"Working-down" from charge weights that produce pressure signs may be safe enough in strong guns, where the brass cartridge case or primer cup is the weak link. But, it is not a safe method for guns that can break at lower pressures than will RELIABLY produce recognizable over-pressure signs.
Also, just because an action is used for another, higher pressure cartridge does not indicate that you can load YOUR cartridge to the same PRESSURE.
The issue is the amount of force on the bolt face, which is a function of both the pressure and the SQUARE of the maximum internal diameter of the FIRED case.
As an example, let's consider the .444 Marlin, which is only about .430" inside diameter, while the .45-70 inside diameter is more like .480" (UNFIRED cases). So, assuming for purposes of illustration that those numbers are correct, the difference in force on the action for the same pressure is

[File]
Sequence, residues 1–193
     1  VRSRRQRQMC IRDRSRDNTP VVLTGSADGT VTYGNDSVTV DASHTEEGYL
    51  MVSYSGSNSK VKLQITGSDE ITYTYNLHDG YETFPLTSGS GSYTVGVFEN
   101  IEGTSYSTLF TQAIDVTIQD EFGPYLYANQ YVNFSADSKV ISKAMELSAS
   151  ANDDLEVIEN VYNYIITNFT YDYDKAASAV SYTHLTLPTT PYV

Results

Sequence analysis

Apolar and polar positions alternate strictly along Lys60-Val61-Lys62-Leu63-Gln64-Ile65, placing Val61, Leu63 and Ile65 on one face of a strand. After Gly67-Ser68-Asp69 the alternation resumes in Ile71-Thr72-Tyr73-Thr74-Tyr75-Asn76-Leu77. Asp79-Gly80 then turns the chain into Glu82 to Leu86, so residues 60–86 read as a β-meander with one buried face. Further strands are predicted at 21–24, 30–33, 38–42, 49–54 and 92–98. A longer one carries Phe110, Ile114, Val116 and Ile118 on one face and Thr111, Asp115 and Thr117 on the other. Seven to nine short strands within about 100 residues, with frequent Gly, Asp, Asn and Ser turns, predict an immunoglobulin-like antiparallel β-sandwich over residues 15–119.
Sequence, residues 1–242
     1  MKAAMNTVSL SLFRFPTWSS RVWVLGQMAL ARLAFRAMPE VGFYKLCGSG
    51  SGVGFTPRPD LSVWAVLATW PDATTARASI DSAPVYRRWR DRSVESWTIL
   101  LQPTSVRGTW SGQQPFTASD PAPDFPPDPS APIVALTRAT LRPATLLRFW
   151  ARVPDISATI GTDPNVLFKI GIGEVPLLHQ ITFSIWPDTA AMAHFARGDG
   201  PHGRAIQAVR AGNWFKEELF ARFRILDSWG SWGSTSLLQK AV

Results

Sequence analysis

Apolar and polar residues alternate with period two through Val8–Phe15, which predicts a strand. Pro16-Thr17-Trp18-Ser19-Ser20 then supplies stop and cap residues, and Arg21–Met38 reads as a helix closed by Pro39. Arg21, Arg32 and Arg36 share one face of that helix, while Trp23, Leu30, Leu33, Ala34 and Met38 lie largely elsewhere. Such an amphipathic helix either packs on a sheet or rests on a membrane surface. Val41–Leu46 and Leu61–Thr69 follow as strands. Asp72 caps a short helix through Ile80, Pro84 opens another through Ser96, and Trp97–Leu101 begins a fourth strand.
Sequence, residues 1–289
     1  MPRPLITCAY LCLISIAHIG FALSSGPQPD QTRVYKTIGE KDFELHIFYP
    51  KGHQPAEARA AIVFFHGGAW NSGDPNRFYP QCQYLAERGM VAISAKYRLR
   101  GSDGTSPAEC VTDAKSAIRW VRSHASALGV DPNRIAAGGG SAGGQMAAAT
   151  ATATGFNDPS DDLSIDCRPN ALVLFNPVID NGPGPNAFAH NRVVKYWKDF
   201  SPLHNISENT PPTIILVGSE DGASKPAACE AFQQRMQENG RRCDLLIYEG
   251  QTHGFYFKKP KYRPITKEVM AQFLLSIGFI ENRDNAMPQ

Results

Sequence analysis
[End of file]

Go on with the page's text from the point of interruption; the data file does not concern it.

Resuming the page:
(.480/.430)² = 1.246
So, if your gun is also chambered for the .444 Marlin, which has a maximum SAAMI pressure of 44,000 CUP, then the pressure in a .45-70 case that would give the same bolt thrust would be
44,000 CUP / 1.246 = 35,300 CUP
Now, that is a bit higher than the .45.70's SAAMI limit of 28,000 CUP, but it is nothing like 44,000 CUP. So, loading the .45-70 to .444 Marlin pressures might very well damage you gun.
Also, please realize that the numbers I used for illustration are probably NOT accurate enough to calculate the appropriate pressure limit for your gun. Due to the square of the diameter ratio, a little difference in either diameter can have a pretty substantial effect on the bolt thrust ratio.
So, I suggest that you stick with load data that has been approved for the gun you have, rather than try to "wing-it" with calculations like my illustration.